Dr. Lenita Thibault also practices obstetrics and gynecology in Kingsport, Tenn. She has been on the board of directors of the Kingsport Ballet School and Company for more than 15 years and has served on the board for Symphony of the Mountains. She has been a part of Voices of the Mountains and its predecessor, the Kingsport Symphony Chorus. She has also sung in church choirs virtually her whole life.
She began playing the piano at the age of four and studied formally for a number of years. She now has a collection of keyboard instruments, including a modern baby grand piano, two box (square) grand pianos that are antique Steinways (circa 1850-1880s), and a two-manual harpsichord that's a modern reproduction of an 18th century instrument. She also has several other instruments, ranging from a dulcimer, a set of bagpipes that she played before she went to medical school, an old violin that her mother played when she was young, and several smaller items (recorders and small percussion instruments, many of which her mother used when she was teaching music in middle school).
Dr. Thibault played in her high school band and took a number of music courses while an undergraduate at Vanderbilt University. She had enough hours to minor in music, but thought a mathematics major and a music minor might not be the best combination, so she minored in physics instead.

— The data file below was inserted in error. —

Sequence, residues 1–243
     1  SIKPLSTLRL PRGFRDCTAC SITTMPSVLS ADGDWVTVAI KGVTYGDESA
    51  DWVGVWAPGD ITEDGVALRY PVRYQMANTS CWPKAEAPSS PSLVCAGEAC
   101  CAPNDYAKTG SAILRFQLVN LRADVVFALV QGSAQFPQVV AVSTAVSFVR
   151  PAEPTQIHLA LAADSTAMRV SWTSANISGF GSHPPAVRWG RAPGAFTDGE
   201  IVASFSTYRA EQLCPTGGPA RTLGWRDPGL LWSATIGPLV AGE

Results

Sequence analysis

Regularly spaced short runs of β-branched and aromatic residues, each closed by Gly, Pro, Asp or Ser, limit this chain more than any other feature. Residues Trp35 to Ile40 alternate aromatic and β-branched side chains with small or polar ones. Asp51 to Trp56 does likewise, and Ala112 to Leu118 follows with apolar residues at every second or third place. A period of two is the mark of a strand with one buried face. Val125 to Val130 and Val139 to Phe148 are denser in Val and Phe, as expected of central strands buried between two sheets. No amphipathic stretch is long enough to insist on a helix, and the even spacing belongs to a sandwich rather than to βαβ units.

As she grew up, Dr. Thibault says, "I did occasionally flirt with being a professional musician, not as a singer, but as a piano accompanist. However, there were so many things I enjoyed doing that I really didn't want to give up those other interests to devote the time that would be required for music to be my profession. Plus, in all honesty, I don't think I was good enough. And I also had the concern that if I HAD to practice a lot and do it all the time as a living, I might lose some of my love for music, as opposed to being able to choose how much and what I wanted to do with music."
Dr. Thibault didn't have much individual training as a singer but, prior to attending medical school, she learned a great deal while serving as the accompanist for a former opera singer while he gave others voice lessons.
"I'm not sure how I found the time to sing while working in the medical field, but I made the time for it," she says. "Throughout medical school, residency training, and even now, I made/make the time for it because it is important to me. I began doing a lot more singing rather than piano playing because that was easier. A piano isn't always available, and singing doesn't require as much or as intense practicing for me as playing the piano does."
She continues, "It's a wonderful experience being a part of a really good chorus, for a number of reasons. For one, it's personally very satisfying to learn new music, meet people outside the field of medicine, and have the opportunity to perform great music. It's also a way to support and promote the arts. I am convinced that the arts, in all forms, are absolutely essential to the health and vitality of a community. It's a great creative outlet, a way to unwind from the pressures and responsibilities of being a physician. Singing is fun and good exercise - all that deep breathing has to be good for you! I'd have to say that what I enjoy most is getting together with other musicians/artists and making beautiful music which provides enjoyment for us and, we hope, the audience. When it all comes together - well, it's a marvelous experience."